It’s been over 10 years since Google Fiber first deployed fiber network infrastructure supporting gigabit speeds so perhaps it’s not surprising to hear that the company is aggressively replacing the GPON equipment that it initially deployed with XGS PON. The company also is being aggressive in updating older-generation Wi-Fi to support faster speeds within the home.

The company, which brands its high-capacity networks as GFiber, said that that most of its new customers will be served by XGS PON by the end of this year. Already, almost all customers in single family homes have speeds up to 8 Gbps available to them, the company said.

All the speeds that Google Fiber offers are symmetrical. Speed options and pricing are: 1 Gbps ($70 per month), 2 Gbps ($100), 5 Gbps ($125) and 8 Gbps ($150) levels.

The company also is increasing speeds within the home. It has replaced legacy routers and is deploying Wi-Fi 6E to all new customers — and will move to deployment of Wi-Fi 7 devices as they become available at the end of the year.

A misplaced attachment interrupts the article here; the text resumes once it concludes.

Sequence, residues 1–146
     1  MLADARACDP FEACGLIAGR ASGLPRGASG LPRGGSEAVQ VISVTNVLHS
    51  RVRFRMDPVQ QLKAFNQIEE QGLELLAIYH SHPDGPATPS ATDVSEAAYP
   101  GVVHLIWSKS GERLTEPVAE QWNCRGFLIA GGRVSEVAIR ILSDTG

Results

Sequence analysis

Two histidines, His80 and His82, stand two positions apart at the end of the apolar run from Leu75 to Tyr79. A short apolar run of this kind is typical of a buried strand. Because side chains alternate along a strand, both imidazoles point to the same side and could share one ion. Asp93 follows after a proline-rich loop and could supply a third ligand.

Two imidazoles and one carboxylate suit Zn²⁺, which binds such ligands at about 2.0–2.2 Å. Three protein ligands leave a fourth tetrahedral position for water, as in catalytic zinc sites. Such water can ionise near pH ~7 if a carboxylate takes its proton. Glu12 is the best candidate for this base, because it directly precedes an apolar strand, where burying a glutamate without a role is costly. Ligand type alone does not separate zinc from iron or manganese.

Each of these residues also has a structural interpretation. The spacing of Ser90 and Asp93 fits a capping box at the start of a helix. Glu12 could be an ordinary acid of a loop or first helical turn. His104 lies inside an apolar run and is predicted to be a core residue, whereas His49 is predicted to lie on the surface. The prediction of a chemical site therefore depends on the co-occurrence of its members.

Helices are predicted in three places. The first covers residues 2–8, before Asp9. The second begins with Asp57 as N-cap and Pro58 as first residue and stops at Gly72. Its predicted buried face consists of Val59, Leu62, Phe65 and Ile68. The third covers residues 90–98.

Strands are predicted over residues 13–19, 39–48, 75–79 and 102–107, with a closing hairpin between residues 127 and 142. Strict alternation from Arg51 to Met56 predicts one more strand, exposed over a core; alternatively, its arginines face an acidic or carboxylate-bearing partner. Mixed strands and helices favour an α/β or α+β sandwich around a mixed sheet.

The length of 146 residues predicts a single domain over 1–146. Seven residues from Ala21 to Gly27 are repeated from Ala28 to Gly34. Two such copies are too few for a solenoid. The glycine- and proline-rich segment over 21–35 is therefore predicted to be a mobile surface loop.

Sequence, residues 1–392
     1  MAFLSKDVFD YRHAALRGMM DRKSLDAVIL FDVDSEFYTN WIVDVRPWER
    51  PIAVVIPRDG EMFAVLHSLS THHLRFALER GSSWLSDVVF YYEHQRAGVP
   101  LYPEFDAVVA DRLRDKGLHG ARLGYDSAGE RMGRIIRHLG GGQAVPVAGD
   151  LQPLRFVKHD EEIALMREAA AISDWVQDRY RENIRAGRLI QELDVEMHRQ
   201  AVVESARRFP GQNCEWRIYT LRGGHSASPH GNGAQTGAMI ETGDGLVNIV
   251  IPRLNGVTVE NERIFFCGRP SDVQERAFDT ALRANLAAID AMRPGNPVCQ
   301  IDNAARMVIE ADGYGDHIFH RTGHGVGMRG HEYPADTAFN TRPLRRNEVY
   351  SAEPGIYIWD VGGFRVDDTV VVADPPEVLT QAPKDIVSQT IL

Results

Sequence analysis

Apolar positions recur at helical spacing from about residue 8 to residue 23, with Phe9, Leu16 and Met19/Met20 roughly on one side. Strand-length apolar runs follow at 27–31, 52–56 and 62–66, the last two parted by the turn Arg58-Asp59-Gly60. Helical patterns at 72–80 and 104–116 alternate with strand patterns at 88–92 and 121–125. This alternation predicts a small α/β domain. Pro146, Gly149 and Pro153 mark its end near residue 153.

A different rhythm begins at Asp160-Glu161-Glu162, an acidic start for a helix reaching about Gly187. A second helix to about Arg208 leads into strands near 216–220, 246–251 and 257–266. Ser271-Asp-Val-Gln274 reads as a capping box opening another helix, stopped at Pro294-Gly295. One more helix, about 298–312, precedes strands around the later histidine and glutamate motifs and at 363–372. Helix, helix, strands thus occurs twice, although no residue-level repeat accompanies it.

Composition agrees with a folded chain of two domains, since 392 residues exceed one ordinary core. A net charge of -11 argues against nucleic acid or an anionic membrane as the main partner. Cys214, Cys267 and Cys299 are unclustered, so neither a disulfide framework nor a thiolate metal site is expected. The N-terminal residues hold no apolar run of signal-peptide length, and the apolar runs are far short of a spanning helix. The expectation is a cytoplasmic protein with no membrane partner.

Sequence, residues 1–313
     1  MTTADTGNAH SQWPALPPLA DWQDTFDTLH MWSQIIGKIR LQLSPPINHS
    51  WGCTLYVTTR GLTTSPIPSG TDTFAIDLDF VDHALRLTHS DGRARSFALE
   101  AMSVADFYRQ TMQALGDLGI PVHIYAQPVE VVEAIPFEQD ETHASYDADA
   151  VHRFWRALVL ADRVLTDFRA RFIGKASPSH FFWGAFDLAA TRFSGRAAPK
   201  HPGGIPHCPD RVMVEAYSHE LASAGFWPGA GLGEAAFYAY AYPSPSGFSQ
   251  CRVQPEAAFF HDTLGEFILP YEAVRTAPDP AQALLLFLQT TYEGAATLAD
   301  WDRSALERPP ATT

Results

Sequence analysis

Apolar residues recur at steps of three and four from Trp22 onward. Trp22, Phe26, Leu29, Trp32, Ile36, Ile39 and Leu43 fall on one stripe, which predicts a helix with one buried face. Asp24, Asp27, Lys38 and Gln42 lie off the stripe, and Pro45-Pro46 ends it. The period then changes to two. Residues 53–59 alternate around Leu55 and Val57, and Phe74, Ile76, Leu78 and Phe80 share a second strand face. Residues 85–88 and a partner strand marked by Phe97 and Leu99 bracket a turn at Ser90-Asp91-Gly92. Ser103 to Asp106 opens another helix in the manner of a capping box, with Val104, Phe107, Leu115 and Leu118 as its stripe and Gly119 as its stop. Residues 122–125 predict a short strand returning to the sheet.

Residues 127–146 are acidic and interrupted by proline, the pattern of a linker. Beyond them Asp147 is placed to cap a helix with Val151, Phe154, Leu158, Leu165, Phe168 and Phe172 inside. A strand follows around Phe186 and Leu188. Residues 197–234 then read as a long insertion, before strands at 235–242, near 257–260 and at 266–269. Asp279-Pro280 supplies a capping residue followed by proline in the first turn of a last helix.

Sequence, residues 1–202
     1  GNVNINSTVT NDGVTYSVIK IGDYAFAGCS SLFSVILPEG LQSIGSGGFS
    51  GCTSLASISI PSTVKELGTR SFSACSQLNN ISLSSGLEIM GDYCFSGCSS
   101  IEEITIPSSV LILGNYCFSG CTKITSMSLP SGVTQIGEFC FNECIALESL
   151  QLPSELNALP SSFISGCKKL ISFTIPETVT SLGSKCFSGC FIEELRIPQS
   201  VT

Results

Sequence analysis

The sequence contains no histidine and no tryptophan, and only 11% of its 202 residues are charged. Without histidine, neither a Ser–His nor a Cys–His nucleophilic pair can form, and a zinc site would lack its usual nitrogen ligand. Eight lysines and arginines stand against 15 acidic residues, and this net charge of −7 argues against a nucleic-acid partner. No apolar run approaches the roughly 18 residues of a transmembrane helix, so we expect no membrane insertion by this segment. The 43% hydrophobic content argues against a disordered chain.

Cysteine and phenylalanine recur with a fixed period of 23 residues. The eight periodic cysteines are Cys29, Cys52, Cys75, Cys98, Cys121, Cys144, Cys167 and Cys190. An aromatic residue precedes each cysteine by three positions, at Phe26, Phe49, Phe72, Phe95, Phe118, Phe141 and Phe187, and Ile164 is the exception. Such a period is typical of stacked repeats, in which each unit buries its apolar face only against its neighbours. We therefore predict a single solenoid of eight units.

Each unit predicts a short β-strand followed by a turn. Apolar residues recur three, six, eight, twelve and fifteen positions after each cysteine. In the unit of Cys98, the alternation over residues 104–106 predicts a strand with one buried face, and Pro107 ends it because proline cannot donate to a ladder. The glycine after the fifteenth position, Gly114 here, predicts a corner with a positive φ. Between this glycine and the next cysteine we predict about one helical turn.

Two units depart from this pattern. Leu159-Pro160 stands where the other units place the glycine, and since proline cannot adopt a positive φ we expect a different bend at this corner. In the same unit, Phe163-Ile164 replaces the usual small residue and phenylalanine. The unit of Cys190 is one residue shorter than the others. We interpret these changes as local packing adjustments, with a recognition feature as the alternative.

In addition, GFiber has replaced legacy network boxes. And all products supporting 1 Gbps or faster speeds now include mesh extenders. None of these upgrades changed prices to end users, the company said.

“[The upgrades point to] the robustness of our network for each customer on connectivity, speed and coverage — all the way to the GFiber Wi-Fi router and beyond to the mesh extender,” Chief Technology & Product Officer John Keib wrote in a blog post.

“It includes the quality of the internet coming into their home and to the router, how well their network is working inside their home, down to whether the extender is positioned ideally in the home to maximize coverage.”

Moving ahead, Google Fiber plans to deploy Nokia’s 25G PON equipment to enable symmetrical 20 Gbps service in all of its markets by the end of 2024. It has begun upgrades from XGS to 25G as part of the GFiber Labs early access program. Installations began last month in North Carolina.

Keib cited two interesting early use cases of 25G that have emerged from the early access program: Austin PBS is using it to upload the entire archive of 50 years of “Austin City Limits” and The United Way of Utah County is using it to connect with its clients. 

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